Some things just come naturally. And they can be done with a single action. Throwing a ball, kicking a ball, cooking an egg, reading a book, delivering a speech, delegating a task, or giving feedback.
Ok, maybe all of those don’t come naturally. But they can all be done with a single action.
Other skills take time to develop and hone, like throwing a strike, scoring a goal, making an omelet, writing a book, or motivating someone to positive action.
And then there are behaviors or qualities that require consistent, continuous actions that lead to greater success. Being a pro athlete, being a chef, keynoting a conference, or being a respected leader.
Each of these can withstand miscalculations, missteps, and even mistakes, because these things happen. And when they do, we stop, review, and then get back in the saddle and make things right.
One betrayal, one false move, or one seemingly insignificant slight can topple all the trust you’ve built. And it is hard, if not impossible, to gain it all back with a quick fix or some soothing words.
That is why we call it “building trust.” Because once broken, we have to start all over again – brick by brick, act by act, conversation by conversation.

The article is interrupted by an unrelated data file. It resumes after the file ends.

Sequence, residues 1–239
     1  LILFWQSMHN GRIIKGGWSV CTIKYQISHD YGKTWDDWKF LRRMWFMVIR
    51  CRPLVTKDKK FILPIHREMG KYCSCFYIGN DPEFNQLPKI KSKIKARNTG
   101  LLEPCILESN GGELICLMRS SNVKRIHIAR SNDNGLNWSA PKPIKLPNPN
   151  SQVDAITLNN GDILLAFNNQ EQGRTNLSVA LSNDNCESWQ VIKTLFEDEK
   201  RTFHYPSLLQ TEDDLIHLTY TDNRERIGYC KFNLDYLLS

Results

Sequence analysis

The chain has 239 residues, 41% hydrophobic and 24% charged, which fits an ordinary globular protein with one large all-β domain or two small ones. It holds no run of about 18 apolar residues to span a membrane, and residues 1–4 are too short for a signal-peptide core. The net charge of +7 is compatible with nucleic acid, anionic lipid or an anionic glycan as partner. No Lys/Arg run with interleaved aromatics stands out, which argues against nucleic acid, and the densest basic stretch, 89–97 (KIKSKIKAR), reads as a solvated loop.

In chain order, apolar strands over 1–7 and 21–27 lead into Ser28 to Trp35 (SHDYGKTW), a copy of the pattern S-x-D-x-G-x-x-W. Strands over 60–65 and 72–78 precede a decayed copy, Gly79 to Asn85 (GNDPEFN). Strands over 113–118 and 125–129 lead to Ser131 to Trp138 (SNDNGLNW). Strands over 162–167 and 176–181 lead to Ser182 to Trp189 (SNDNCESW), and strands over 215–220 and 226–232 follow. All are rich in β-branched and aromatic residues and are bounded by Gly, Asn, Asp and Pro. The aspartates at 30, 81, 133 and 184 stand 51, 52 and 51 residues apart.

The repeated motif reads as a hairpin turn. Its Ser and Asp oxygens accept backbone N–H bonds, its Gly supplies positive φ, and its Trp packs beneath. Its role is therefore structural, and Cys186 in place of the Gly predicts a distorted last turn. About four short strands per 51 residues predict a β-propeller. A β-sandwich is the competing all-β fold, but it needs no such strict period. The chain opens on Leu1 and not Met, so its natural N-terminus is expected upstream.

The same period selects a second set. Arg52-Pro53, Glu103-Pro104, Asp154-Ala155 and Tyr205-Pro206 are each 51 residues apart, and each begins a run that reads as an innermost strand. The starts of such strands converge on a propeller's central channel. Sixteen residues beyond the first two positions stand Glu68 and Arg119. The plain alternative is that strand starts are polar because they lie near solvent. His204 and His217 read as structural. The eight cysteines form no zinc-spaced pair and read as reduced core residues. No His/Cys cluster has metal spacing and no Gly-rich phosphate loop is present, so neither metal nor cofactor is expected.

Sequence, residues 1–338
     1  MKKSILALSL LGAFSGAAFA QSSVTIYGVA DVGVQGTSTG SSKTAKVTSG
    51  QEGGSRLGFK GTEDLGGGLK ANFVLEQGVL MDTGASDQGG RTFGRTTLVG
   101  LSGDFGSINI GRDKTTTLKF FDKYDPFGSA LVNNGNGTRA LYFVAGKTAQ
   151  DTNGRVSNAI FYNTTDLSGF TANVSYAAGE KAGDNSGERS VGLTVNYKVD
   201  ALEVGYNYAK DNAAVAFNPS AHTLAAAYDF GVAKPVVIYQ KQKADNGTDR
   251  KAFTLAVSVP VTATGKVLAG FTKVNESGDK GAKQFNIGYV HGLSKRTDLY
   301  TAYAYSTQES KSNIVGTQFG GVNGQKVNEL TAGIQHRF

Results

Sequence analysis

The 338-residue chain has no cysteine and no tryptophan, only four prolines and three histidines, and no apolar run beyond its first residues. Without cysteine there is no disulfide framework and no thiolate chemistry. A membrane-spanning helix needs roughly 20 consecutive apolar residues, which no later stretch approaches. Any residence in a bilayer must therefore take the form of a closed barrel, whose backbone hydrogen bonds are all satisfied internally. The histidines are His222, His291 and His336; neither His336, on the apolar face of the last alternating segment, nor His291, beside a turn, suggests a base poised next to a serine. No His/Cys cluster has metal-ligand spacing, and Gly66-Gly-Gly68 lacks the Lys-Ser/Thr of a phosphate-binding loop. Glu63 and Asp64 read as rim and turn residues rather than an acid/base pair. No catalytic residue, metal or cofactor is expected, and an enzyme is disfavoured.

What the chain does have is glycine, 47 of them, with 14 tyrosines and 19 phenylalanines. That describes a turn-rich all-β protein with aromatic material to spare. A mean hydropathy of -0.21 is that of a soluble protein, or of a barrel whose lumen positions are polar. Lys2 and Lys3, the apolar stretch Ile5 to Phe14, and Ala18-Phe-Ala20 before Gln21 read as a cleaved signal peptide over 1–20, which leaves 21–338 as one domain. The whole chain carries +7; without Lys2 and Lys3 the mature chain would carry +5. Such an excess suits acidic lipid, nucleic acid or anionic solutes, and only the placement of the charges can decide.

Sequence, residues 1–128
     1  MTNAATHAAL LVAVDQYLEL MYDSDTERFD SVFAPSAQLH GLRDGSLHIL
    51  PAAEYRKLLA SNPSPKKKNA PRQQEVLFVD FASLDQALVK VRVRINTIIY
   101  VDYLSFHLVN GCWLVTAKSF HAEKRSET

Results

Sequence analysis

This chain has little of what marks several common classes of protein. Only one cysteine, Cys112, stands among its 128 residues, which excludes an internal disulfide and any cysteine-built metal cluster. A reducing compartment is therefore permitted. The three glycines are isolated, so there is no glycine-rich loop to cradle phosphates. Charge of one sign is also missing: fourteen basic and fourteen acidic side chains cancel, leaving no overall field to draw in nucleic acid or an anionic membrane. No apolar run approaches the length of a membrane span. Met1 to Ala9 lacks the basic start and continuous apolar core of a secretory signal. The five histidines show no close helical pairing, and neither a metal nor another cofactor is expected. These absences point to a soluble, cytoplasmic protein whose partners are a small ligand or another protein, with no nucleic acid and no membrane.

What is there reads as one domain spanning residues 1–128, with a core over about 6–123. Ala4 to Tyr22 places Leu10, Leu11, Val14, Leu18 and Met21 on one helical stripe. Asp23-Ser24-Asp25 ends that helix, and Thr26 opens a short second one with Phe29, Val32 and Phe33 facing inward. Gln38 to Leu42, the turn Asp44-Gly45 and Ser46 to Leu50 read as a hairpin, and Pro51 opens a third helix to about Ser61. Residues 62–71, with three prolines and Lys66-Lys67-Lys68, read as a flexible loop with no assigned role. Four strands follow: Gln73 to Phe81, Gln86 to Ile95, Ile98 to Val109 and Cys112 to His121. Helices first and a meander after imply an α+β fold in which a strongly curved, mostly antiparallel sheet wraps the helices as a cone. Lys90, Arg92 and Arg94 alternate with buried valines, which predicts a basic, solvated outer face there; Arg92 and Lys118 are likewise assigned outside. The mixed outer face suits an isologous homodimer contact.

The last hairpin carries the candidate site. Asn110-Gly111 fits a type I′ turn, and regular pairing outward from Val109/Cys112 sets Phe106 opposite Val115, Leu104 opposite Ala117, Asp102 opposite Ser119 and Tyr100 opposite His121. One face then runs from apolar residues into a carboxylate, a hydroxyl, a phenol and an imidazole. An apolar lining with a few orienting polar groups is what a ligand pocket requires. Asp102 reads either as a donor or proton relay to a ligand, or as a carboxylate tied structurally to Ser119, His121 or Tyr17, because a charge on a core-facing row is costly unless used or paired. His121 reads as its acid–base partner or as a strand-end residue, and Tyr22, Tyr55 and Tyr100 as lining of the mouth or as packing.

We can’t just put a band-aid on broken trust. And stitches won’t help either. This is a case where continuous, consistent healing is required. We have to go through multiple steps to ever hope to rebuild the trust we once had.
For today’s lesson, you might consider rebuilding trust more like healing a broken bone than repairing a deep cut, because rebuilding trust is a long and challenging process, just like healing a broken bone.
Now, for anyone who has gone through the bone healing process, you know how agonizing it can be. And for those of you who are not intimately familiar, you’ve probably known someone who has, or you’ve seen it on TV or the movies.
So, what does this look like in rebuilding trust? Let’s go through the steps.
You do this by apologizing and accepting full responsibility for your mismanagement of the trust bond. If you don’t take ownership for what was done, there is no reason the other person should believe behavior will change or be any different going forward. And because of that, trust cannot and will not be rebuilt.
Understand, this is going to hurt you more than it will them. And you may have to try to reset the break multiple times, because the other person might need more time, or they might not be in the right mood to hear your apology.